Zinedine Zidane, considered by many the
greatest soccer player since Diego Maradona and an unparalleled master
of the game's fundamental skills, announced his retirement today, saying
he would stop playing professionally after the World Cup this summer.
"Today I am making the decision to leave it all behind," Zidane, a 33
year-old midfielder from France, told a press conference here after a
morning practice with his team, Real Madrid.
"It's been two years that I have not been comfortable and have not been
playing like I want to play," he said. "Now is the time."
Zidane lacks the flair and explosiveness of the game's all-time greats,
such as Pele and Maradona, or even of contemporaries like Ronaldo of
Brazil. But his effortless mastery of the basic skills of the game
allows him to turn a routine pass or trap into something extraordinary,
often leaving current and former players in awe.
Pablo Aimar, one of Argentina's best players who has drawn occasional
comparisons to Maradona, said it was worth the price of admission just
to watch Zidane control one pass from a teammate, something as mundane
as an outfielder's catching a pop fly in baseball.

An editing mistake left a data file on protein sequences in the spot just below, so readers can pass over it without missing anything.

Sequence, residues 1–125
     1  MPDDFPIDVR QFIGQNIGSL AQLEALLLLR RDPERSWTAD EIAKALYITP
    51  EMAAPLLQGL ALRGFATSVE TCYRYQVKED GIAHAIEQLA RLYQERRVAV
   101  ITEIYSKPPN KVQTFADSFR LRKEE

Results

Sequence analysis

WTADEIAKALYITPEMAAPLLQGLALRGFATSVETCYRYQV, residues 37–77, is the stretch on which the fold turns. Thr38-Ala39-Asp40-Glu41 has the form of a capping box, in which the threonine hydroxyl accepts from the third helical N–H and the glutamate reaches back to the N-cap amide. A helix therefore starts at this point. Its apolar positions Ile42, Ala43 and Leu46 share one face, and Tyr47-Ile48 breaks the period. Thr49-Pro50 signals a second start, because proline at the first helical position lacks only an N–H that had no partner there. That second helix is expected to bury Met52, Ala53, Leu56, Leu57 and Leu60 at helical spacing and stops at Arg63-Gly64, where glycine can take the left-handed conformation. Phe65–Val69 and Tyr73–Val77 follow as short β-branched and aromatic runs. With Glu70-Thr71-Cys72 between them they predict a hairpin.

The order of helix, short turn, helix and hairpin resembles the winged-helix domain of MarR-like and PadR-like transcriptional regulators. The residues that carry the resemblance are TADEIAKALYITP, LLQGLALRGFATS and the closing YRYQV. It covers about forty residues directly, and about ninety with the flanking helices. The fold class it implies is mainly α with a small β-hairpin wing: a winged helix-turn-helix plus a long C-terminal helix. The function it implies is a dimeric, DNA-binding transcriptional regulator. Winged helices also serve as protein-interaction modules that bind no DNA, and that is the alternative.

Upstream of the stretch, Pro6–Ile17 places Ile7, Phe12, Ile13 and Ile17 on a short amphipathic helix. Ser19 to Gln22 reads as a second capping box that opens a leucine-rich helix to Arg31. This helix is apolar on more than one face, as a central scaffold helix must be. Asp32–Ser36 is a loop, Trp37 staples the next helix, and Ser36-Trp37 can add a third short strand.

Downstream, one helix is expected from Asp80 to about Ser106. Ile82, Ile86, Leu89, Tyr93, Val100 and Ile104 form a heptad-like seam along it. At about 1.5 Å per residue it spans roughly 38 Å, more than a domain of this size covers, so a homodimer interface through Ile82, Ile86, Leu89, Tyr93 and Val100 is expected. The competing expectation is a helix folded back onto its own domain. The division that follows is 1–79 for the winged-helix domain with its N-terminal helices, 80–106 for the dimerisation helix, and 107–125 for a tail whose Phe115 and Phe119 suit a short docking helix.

"There are players who should never stop playing," Aimar told the
Spanish sports daily Marca in December, referring to Zidane. "When you
are watching a Real Madrid game, it is worth spending an hour and a half
in front of the television to watch Zidane make one cut with the ball."
Maradona told the same daily last May that Zidane was probably the most
skillful player in the history of the game. "Perhaps no one in the world
of soccer has been able to control the ball like Zidane," he said. "He
has an incredible level of skill. He can stop any ball, settle any ball,
and he always seems to know where the ball is going to go."
Zidane's one drawback, Maradona said, was that he lacked the low center
of gravity required for great dribbling. "He's just too big to squeeze
between two or three players," said Maradona, who at 5 feet 5 was a
devastating dribbler. Zidane is about 6 feet tall.
The son of Algerian immigrants who learned his soccer in the tough
streets of the ghettos in Marseille, Zidane made his professional debut
at age 17 with the French club Cannes. He went on to win the FIFA World
Player of the Year award three times, and led France to victories in the
1998 World Cup and in the European championship two years later.
He became the most expensive soccer player in history in 2001, when Real
Madrid spent 72 million euros to acquire him from Juventus of Italy.
Asked once if the label of the world's best player was a difficult
burden to carry, Zidane responded to the contrary. "It's easy to carry
because I don't believe it," he told the Argentine newspaper El Clarín
As for the greatest player in history, Zidane says it is a simple choice:
Enzo Francescoli, a player from tiny Uruguay who starred for the club
Marseille during Zidane's childhood but who never performed well at the
World Cup. "For me, Enzo is like God," he told El Clarín. "If someone
thinks I've reached his level, that would be the highest praise possible."